- The world’s economy is losing momentum, with Chinese factories facing blackouts and tangled supply lines leaving consumers and manufacturers short of essential items.
- Oil prices shot past $80 a barrel on 30 September as shortages loomed across Europe and other parts of the world.
- Central banks in Europe and the U.S. are preparing to join those of Brazil, Pakistan, Russia, and other nations in raising interest rates at a time when economies are losing steam.
The U.S. Federal Reserve’s announced plan to begin winding down its economic support programs prompted a sharp bond selloff, which spilled over into equity markets during September’s last days.
The signs are particularly grim in the U.K., with gasoline prices spiking and a shortage of drivers to deliver it to gas stations. The government has mobilized soldiers to deliver the gasoline.
Labor shortages and supply glitches, not only in energy markets but across the economy, could power inflation for months to come, Bank of England governor Andrew Bailey said in a statement cited by the Financial Times.
“If it is stagflation, central banks are in a bind,” James Leaviss, who directs fixed income investments at M&G Investments. “Hiking [interest rates] will reduce demand a little bit and strengthen the currency,” he pointed out, “but will have no impact on supply chain issues [or] bring back lorry drivers.”
Mohamed El-Erien, chief economic advisor at Allianz, agreed.
“Central banks will be torn between reacting to the ‘stag’ and the ‘flation’,” he said in comments quoted by the FT.
“That’s a world where investors’ confidence in policymakers is shaken and the backstop they’ve had over the past decade isn’t there any more.”
TREND FORECAST: We disagree. As we had forecast back in June 2020, DRAGFLATION TO HIT HARD , prices will rise, wages will not keep up with inflation and the economy will decline.
TREND FORECAST: We surfaced the prospect of stagflation in our 11 February, 2020, article “China Fights the Virus With Money.” Since we first raised that warning, more and more factors are converging to prove us correct.
The risks of dragflation are growing rapidly and governments and central banks are out of tools to both control it and keep economies chugging ahead.
SEPTEMBER PRICES IN EUROPE INFLATED FASTEST IN 13 YEARS
In September, Eurozone consumer prices rose faster than at any time in the last 13 years, adding evidence that inflation will run higher and last longer than policymakers had expected, The Wall Street Journal reported.
Consumer prices rose 3.4 percent year over year last month, the highest since September 2008 and more than the European Central Bank (ECB) had expected, the WSJ said.
The cost of services was up 1.7 percent.
The rate also exceeded August’s 3 percent price rise.
Energy prices drove the price spike, exploding 17.4 percent year on year.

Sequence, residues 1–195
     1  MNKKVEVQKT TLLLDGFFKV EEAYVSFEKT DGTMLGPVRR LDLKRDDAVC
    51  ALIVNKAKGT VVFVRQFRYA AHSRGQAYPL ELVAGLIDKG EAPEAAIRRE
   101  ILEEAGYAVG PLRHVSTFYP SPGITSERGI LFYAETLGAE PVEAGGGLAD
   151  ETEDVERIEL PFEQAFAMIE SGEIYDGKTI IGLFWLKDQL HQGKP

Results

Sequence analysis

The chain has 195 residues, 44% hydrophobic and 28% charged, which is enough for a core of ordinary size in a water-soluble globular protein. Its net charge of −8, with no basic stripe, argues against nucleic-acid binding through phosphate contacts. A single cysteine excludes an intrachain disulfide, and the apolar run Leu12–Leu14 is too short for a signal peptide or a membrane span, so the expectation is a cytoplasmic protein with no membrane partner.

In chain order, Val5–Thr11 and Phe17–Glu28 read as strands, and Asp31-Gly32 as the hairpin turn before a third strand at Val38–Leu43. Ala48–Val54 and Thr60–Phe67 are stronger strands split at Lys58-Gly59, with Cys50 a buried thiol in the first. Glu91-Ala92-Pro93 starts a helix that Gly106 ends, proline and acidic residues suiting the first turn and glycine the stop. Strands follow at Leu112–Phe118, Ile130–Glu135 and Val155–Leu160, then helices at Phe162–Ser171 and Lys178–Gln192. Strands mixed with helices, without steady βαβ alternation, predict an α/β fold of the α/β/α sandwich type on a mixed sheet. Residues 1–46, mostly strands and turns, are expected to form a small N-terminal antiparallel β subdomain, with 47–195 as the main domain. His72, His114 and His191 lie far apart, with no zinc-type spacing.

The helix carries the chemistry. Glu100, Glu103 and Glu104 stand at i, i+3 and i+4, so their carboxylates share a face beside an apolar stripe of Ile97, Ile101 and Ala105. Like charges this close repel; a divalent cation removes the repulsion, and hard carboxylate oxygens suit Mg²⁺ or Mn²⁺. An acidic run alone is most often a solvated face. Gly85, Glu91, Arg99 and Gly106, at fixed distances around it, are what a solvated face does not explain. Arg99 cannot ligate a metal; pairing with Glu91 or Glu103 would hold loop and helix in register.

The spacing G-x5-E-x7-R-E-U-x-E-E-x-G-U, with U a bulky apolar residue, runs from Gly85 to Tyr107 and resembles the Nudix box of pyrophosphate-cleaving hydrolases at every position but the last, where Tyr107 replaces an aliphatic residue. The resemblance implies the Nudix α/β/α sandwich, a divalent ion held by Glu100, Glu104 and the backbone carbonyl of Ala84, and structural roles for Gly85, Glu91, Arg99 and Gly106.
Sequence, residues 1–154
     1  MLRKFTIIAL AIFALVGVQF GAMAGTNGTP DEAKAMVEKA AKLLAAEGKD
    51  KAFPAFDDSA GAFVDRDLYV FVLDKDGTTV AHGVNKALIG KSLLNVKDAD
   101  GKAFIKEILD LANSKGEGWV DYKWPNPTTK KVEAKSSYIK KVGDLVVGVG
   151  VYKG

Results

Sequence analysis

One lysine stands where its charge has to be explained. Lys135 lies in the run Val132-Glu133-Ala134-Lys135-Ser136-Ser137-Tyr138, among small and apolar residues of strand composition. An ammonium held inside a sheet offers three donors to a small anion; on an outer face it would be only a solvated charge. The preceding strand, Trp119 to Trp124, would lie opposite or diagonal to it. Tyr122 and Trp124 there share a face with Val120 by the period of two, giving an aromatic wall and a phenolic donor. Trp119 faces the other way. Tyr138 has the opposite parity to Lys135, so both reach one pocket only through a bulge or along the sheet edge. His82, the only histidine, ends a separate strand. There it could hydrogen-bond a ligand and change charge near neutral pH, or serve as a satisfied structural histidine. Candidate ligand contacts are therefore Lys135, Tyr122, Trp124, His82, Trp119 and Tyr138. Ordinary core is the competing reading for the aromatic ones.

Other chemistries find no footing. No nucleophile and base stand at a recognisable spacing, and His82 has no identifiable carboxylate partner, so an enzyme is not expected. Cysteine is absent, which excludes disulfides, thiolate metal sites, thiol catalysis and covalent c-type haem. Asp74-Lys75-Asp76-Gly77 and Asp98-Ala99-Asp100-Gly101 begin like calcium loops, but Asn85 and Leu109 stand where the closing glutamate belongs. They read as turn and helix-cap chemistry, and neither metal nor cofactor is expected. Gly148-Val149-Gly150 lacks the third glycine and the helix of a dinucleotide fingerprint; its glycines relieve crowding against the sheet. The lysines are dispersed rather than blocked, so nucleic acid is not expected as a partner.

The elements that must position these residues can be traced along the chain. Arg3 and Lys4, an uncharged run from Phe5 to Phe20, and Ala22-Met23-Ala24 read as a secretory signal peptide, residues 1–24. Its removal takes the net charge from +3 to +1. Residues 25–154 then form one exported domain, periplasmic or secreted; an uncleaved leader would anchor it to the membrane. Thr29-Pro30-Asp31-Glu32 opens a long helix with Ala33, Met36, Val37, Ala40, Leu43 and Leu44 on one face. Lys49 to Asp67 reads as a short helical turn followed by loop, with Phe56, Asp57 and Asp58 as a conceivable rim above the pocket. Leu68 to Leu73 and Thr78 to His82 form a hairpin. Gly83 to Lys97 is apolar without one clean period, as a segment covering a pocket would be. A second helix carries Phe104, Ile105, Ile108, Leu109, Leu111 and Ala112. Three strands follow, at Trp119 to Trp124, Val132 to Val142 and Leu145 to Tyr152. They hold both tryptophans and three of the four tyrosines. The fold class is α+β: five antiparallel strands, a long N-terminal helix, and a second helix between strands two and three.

However, oil and gas prices a year ago were abnormally low, due to slumps in travel and manufacturing forced by the global economic shutdown.
Therefore, a portion of the price jump is simply a matter of costs returning to normal, economists point out, an effect that will settle out of the economy in the months ahead, they say.
Persistent inflation increases the risk of a self-fueling inflationary spiral, in which workers demand higher pay to reverse their shrinking purchasing power, leading businesses to pass higher costs to consumers now able to afford it because they make more money.
That may be under way: Germany’s formidable IG Metall union has threatened an October strike if certain companies refuse to raise wages 4.5 percent.
Galloping inflation challenges the European Central Bank’s (ECB) steadfast policy position of maintaining economic supports, including negative interest rates, at least through the end of this year and possibly another year beyond that.
Most economists believe that at its December meeting, the ECB will decide to end its €1.85-trillion bond-buying program in the face of higher inflation.
The bank also has said it plans to leave its negative interest rate untouched through 2023.
Economists have said that price pressures will ease as chaos in supply lines eases, a scenario unlikely to come to pass for months, as we have reported in “Shipper Books Tenfold Increase in Net Profits” (17 Aug 2021).
TREND FORECAST: With Europe’s inflation rate setting records month after month, the ECB does not have the luxury of waiting more than two years to raise its base interest rate from the -0.5 percent where it has been for the last five years.
Europe’s economic recovery remains weak, despite a recent bump in consumer spending (see related story). The bank will be forced to edge rates up, but will do so in small increments, well spaced, with plenty of advance notice so markets can adjust to the gradual, but steady, return to realistic rates.
GERMANY’S INFLATION WORST IN 29 YEARS: WILL INTEREST RATES RISE?
Germany’s 4.1-percent inflation rate in September was the highest since 1992, the Financial Times reported.